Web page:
Food for Health

Cherries fight cancer, help you sleep

I had never picked cherries until last Monday (although it has always been a summer pastime to see how far my sisters and I could spit cherry pits across the yard). 

It never occurred to me and my sisters to think about where our cherries came from, as we played summer games with them. On our cherry picking expedition on Monday, we pulled small, tart, very red cherries off two trees on a farm in Millerton. 

It’s the beans, not just the rice

After spending two weeks in the Dominican Republic last summer, the very thought of rice and beans made me sick to my stomach. Every night, after a long day lifting cinder blocks and hand-mixing cement on our construction project, my co-volunteers and I would make our way back to base, dragging our feet. 

The passion of the pear — refreshing, crisp, sweet

When my dad brought home a few Asian pears and told me that I had to try one, I was skeptical. Despite his enthusiasm, I was unconvinced. 

Asian pears are brown, and have a rough skin that doesn’t exactly call out an invitation, as compared to the comfort of a soft, bright raspberry (usually my go-to fruit). 

Mangoes: celebrating the sweetness of summer

With mangoes, there is an art to choosing them at their ripest and there is an art to slicing them. 
My dad taught me a quick trick for cutting mangoes. Using a sharp knife, slice off a piece of the fruit, peel and all. Then make an incision that resembles a tic-tac-toe pattern into the tender, yellow-orange flesh.

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Meringues a sheer bit of luxury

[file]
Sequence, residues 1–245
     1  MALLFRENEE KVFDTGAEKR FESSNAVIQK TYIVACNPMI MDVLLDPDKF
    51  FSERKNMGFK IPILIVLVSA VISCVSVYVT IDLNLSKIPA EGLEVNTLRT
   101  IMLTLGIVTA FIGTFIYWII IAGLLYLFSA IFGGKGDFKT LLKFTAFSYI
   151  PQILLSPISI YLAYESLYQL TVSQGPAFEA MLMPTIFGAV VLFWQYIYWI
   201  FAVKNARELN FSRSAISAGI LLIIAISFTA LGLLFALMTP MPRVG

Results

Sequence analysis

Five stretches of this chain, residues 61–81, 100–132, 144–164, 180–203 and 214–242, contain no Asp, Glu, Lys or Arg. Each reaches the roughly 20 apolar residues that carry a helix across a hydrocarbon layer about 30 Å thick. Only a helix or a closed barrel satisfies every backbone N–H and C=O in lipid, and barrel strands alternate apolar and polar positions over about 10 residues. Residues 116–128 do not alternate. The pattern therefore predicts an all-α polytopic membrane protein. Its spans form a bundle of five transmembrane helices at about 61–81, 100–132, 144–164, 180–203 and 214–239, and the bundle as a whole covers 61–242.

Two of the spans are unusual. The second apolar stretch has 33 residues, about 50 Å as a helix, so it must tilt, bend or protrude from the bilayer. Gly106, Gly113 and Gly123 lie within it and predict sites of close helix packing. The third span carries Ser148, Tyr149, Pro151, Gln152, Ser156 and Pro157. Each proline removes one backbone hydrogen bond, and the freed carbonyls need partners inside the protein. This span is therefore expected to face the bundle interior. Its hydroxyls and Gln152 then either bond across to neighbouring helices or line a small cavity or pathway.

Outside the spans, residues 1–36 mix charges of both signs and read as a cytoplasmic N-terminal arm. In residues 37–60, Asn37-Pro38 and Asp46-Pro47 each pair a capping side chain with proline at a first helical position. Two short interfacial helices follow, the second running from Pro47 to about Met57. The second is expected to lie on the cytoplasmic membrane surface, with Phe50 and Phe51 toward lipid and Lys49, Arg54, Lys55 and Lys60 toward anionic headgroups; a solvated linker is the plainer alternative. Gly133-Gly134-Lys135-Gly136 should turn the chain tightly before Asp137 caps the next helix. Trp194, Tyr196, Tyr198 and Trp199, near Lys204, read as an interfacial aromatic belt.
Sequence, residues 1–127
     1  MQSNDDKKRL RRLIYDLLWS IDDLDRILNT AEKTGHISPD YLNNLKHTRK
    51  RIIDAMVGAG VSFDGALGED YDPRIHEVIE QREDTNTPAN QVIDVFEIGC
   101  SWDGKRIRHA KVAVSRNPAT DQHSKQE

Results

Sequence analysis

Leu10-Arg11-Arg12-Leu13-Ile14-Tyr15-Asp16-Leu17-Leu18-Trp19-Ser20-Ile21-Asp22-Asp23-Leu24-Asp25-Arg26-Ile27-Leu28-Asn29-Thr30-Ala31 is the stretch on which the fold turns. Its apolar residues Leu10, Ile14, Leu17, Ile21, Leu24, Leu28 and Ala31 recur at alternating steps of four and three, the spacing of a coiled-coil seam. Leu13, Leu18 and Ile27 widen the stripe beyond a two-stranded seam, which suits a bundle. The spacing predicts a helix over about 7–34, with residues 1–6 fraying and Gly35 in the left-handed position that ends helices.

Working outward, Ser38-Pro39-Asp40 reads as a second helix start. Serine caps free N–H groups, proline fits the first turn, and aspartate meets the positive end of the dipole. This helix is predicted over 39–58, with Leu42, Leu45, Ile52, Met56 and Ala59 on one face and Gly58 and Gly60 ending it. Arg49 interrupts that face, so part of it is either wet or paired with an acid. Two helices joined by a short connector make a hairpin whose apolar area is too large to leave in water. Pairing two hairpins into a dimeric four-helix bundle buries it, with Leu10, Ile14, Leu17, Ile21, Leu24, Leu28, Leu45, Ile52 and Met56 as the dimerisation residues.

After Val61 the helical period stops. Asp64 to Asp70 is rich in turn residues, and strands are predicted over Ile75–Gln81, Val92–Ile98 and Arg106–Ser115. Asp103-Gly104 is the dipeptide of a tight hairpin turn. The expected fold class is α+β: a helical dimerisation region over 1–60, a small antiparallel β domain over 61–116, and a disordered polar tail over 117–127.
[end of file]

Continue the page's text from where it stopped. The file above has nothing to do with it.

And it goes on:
Here’s another food that is easier to cook if you’ve watched someone else doing it on a YouTube video: meringues. 

In my last column I wrote about how I finally learned how to make perfect beef stew, by watching a video online. 

Early signs of edible spring

I generally prefer recipes that are written out, but every now and again I find a how-to cooking video on the Internet that I love. 

One of my favorites is a recipe for Guinness beef stew, which you can find at www.guinness-storehouse.com. I’ve watched it half a dozen times, not just because it’s a great stew but also because the video is very informative and the Irish chef who demonstrates it has the most wonderfully gnarly accent. 

Brighten your diet with an occasional tapioca treat

This week, the snow continues to fall and temperatures struggle to keep their heads above the 40-degree mark (like a drowning man, they keep dropping to 20 before bobbing back up). Thus, I will continue to write about winter-season comfort foods. Together, with a bowl of custard, we will get through this hard time.

Bone broth and beautiful people

Sure, the weather is creeping up into the 40s and the sun is brighter and we’ve sprung the clocks ahead, sure, I know all that, but let’s be honest here: Winter is not over, and it won’t be for at least a few more (seemingly endless) weeks.

What does it mean when milk is raw?

An advisory was issued by the Connecticut Department of Agriculture (DOA) several weeks ago, warning consumers not to buy or eat cheese from The Butterfield Farm.

The owner of Butterfield Farm, Tara Bryson, had been charged with keeping her goats there in substandard living conditions (in fact, several of the goats had died from cold and malnutrition and the rest have been seized by the state).

The warning was for a different matter, however.

Beer, football and the ancient Egyptians

This is going to be one of those Santa Claus/Easter bunny moments for some of you out there, especially athletes who are my age (let’s just say that includes all who’ve passed the half-century mark).

Back in the 1970s (I know, not one of the exemplary eras for healthy living), I had friends who were marathon runners and tri-athletes, and one of them swore to me that drinking beer was part of his nutrition regimen. It has hops, he used to say, and those help restore some of whatever it is your body loses when it sweats a lot.